Most firms comment that price discovery is best performed on the derivatives exchanges.

Most actively trading funds and liquidity providers are creating their own industry order book,
leveraging feeds from various sources. One firm mentioned that it usually takes in in data feeds
from the fastest exchanges and then develops order book dynamics to get market color and
establish price discovery.

Not surprisingly, the cryptoasset trading space still lacks a widely adopted benchmark. The CME
has led initial efforts in this area by participating in the creation of Bitcoin Reference Rate (BRR),
a de facto regulatory cryptoasset benchmark. BRR is a daily reference rate of the U.S. dollar price
of one bitcoin as of 4 pm London time. Each day, BRR aggregates the trade flow of major bitcoin
spot exchanges during a specific one-hour calculation window. The adoption of this benchmark
still remains low.

LIQUIDITY
A high degree of liquidity is a good indicator that the market structure has matured for a
particular instrument. Respondents note that when considering various factors that can
positively impact overall liquidity in the cryptoasset market, market cap came out on top, not
surprisingly, with an average score of 4.6 out of 5 (Figure 7). Price transparency and ease of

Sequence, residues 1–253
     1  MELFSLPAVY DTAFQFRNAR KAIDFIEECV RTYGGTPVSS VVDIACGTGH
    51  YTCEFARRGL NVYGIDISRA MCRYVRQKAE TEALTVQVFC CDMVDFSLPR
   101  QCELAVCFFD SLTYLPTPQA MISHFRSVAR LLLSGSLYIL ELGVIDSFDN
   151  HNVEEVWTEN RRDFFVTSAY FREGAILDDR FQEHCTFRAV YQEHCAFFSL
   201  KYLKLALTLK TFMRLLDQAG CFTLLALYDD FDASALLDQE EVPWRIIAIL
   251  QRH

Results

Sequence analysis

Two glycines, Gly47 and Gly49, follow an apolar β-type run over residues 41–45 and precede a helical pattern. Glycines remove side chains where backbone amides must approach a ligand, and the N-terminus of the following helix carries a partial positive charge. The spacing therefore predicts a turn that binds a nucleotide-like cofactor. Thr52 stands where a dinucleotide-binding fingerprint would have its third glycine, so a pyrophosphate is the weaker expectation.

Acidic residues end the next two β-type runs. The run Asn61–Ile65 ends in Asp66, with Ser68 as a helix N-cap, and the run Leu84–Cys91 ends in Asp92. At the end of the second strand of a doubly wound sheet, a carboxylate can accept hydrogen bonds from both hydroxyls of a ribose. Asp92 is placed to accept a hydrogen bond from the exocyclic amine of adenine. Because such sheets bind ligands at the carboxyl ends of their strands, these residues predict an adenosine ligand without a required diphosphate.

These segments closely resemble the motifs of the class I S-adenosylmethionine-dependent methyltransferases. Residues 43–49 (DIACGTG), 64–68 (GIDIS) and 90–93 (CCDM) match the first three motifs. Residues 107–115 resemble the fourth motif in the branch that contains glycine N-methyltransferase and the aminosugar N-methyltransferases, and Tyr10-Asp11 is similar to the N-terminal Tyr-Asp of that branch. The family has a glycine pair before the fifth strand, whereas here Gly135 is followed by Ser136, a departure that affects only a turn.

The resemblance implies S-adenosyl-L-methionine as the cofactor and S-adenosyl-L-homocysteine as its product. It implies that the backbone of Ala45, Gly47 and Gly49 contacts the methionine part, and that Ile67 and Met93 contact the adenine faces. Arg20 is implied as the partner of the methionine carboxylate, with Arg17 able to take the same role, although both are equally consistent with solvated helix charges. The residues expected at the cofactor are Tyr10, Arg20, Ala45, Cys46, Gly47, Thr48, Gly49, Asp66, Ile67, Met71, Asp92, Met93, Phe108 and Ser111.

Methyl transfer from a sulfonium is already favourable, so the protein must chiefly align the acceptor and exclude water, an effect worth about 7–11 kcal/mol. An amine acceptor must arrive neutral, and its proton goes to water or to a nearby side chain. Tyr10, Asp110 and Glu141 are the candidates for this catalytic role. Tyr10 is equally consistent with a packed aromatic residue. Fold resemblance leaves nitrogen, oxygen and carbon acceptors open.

market access rounded out the top three. Price transparency is particularly important for the
growth of the market as the overall reliability and accessibility of prices will help traders
continue to engage in the market through ongoing volatility.

On the other hand, overall volatility and market fragmentation represent the bottom two
factors, though opinions on the ultimate impact of these two factors do vary depending on the
type of firm. For example, generally speaking, liquidity providers express their views that price
volatility and market fragmentation contribute to the market’s liquidity by attracting
participation. Banks and more traditional asset managers generally see volatility and market
fragmentation as deterrents to institutional participation and increased liquidity.

© 2021 Aite Group LLC. All rights reserved. Reproduction of this report by any means is strictly prohibited.
15
101 Arch Street, Suite 501, Boston, MA 02110 • Tel +1.617.338.6050 • Fax +1.617.338.6078 • info@aitegroup.com • www.aitegroup.com
Institutional Cryptoasset Trading: Looking for the Missing Bits JANUARY 2021

Figure 7: Important Factors Affecting Cryptoasset Trading Liquidity

Key Factors Impacting Overall Liquidity in Cryptoasset Market


(Scale of 1 to 5: 1 = Not at all im portant; 5 = Very important)
(N=20)

Market cap 4.6

Price transparency 4.0

Ease of market access 3.9

Education 3.7

Volatility 3.6

Market fragmentation 3.3

Source: Aite Group interviews of leading market participants, Q3 2020

Related to the discussion above and noted earlier in this report, based on the views of the